Intel’s 14nm Kaby Lake S-Series Processors with 64MB eDRAM Delayed to September 2016 – Notebook Variants Arriving Early Next Year
Intel has reportedly delayed the 10nm ramp and is going to introduce an intermediary “Kaby Lake” refresh platform on the 14nm process. The original timeline for the arrival of said processors was somewhere during early 2016 but according to a report by DigiTimes it has now been pushed later to September 2016. The mobile variants (like always) will arrive much earlier and hit the markets around the original mark.
Intel pushes back Kaby Lake to September 2016
Kaby Lake is basically Skylake Refresh platform in which the current SKL architecture will be revised on the 14nm Node and slight speed bumps can be expected in the frequency of most processors. Kaby Lake or KBL has now been pushed to September 2016 for the mainstream variants and early 2017 for the enterprise versions. The notebook lineup will however be available by as early as January 2016. Skylake is expected to arrive in the coming month of August while the notebook side will make its entry a few more months down the road. The socket for KBL will be retained at LGA 1151 and the chipset will be retained at 100 Series.
The official reason for the delay is poor yields. Simply put the process isn’t mature enough for ramping to high volume production anytime soon. Intel has been following its tick tock cadence for quite some years now and has managed to stick to Moore’s Law by the skin of its teeth. The problem is, even according to their own projections 14nm was supposed to be a walk in the park, and that took much longer than expected. So when 10nm, an admittedly complicated node to handle, gets delayed, that is something that everyone was expecting to happen.
The desktop side of things is broken into two primary variants – the H-Series and the S-Series. The H-series will be BGA packaged while as the S-series will be based on the LGA1151 socket. Now the unlocked multiplier processors that enthusiasts are usually interested in will fall into the S Series category but will not contain any amount of eDRAM. The locked multiplier variants of S-Series SKUs will contain upto 64 MB of eDRAM all the way upto a gigantic 256 MBs of eDRAM for the H-Series variants. These processors, as mentioned will arrive sometime around September 2016. Since Intel appears to be taking a page out of AMD’s book and shifting roadmaps like anything, the timeframe of late second half off 2016 is a good date for any enthusiast to keep in mind. I should remind again however, that the benefits of upgrading to Kaby Lake will be marginal at best.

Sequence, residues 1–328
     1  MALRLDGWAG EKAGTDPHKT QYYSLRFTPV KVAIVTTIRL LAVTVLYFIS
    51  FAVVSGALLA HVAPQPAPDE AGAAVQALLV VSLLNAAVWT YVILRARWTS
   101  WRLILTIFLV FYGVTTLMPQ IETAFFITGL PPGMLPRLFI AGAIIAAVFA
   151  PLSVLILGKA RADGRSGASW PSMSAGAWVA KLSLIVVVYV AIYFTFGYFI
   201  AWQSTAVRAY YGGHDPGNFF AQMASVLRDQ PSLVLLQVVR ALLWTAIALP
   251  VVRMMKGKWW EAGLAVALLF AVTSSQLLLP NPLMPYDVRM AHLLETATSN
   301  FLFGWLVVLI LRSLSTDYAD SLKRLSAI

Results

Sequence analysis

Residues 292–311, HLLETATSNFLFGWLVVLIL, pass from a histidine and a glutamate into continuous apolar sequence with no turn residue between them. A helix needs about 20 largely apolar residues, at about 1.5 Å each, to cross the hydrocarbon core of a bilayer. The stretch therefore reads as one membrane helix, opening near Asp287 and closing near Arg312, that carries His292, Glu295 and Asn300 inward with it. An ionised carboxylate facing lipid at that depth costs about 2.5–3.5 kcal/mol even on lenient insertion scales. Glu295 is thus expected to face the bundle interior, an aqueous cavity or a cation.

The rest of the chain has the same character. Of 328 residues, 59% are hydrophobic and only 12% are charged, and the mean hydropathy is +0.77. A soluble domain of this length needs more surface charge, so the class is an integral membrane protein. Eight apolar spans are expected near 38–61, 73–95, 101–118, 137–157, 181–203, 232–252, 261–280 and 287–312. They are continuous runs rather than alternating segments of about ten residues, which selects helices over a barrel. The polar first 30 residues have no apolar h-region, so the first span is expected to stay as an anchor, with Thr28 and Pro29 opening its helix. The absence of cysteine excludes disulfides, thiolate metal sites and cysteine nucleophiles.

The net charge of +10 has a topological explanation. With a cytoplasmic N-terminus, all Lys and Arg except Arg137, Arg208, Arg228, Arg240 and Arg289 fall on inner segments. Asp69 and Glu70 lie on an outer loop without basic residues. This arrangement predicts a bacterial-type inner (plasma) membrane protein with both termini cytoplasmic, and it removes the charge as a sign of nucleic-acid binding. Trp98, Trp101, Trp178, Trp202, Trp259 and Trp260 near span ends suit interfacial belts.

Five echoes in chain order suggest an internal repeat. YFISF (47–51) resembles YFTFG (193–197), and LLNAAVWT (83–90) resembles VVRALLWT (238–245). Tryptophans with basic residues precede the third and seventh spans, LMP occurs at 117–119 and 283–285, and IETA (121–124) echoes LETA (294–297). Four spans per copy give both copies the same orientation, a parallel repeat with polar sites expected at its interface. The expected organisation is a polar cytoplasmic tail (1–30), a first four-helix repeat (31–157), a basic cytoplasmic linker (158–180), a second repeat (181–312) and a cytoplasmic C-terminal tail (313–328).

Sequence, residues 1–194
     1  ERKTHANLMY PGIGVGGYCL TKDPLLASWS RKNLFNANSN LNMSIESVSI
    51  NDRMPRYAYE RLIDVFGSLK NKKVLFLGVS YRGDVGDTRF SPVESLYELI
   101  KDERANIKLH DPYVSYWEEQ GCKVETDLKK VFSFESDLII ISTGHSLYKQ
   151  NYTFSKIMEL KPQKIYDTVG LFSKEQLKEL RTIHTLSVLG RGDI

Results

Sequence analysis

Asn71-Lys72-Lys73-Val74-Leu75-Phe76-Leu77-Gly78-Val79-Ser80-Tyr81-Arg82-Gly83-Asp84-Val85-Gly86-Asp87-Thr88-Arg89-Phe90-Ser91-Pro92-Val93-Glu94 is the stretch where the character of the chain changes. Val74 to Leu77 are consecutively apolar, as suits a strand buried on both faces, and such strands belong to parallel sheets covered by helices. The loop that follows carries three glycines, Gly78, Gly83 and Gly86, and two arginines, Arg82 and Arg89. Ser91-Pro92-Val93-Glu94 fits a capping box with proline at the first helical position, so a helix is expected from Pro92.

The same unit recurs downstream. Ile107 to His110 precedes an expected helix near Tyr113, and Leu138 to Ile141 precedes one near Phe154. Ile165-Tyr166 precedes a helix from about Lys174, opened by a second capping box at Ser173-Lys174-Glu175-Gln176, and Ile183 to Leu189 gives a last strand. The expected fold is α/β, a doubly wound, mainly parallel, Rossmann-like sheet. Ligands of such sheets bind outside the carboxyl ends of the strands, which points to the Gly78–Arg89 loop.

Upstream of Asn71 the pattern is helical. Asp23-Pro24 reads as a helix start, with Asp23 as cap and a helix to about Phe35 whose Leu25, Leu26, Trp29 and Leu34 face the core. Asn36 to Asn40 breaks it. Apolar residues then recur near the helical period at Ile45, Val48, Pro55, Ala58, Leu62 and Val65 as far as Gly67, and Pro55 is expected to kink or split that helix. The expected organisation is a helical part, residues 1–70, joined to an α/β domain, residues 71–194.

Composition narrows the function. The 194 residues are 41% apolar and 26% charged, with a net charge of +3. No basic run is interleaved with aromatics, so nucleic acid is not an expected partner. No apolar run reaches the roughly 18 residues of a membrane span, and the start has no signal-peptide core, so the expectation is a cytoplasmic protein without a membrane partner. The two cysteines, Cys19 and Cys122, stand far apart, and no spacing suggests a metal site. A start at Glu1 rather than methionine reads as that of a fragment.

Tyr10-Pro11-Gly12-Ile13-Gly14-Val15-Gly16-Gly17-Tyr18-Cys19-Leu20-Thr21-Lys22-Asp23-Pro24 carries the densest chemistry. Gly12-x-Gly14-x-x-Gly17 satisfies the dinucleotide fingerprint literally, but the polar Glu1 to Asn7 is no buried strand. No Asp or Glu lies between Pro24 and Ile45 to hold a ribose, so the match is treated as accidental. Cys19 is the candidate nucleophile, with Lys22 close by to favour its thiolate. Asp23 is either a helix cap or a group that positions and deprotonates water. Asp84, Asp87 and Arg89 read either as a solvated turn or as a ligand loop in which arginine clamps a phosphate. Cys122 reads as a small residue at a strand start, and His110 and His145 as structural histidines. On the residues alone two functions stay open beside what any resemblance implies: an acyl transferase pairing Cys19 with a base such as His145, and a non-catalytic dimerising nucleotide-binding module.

Intel 14nm Kabylake Configuration Table - Wccftech
|Variant||KBL-Y (BGA)||KBL-U (BGA)||KBL-H (BGA)||KBL-S (LGA)||KBL-S (LGA)|
|eDRAM||N/A||N/A / 64 MB||N/A / 256 MB||N/A / N/A/ 64 MB||N/A|
|SOC Design||Yes||Yes||No - External PCH||No - External PCH||No - External PCH|
|TDP||4.5W||15W / 28W||35W / 45W / TBD||35W / 65W / 91W||25W / 45W / 80W|
Intel CPU Generation Comparison:
|Intel Sandy Bridge Platform||Intel Ivy Bridge Platform||Intel Haswell Platform||Intel Broadwell Platform||Intel Skylake Platform||Intel Kaby Lake Platform||Intel Coffee Lake Platform||Intel Coffee Lake Refresh Platform||Intel Comet Lake Platform||Intel Rocket Lake Platform||Intel Ice Lake Platform|
|Processor Architecture||Sandy Bridge||Ivy Bridge||Haswell||Broadwell||Skylake||Kaby Lake||Coffee Lake||Coffee Lake||Comet Lake||Rocket Lake||Ice Lake|
|Processors Cores (Max)||4/8||4/8||4/8||4/8||4/8||4/8||6/12||8/16||10/20||10/20||TBD|
|Platform Chipset||6-Series “Cougar Point”||7-Series “Panther Point”||8-Series “Lynx Point”||9-Series “Wild Cat Point”||100-Series “Sunrise Point”||200-Series “Union Point”||300-Series||300-Series||400-Series||400-Series?||495-Series|
|Platform Socket||LGA 1155||LGA 1155||LGA 1150||LGA 1150||LGA 1151||LGA 1151||LGA 1151||LGA 1151||TBD||TBD||TBD|
|Platform||Desktop LGA||Desktop LGA||Desktop LGA||Desktop LGA||Desktop LGA||Desktop LGA||Desktop LGA||Desktop LGA||Desktop LGA||Desktop LGA||Desktop LGA|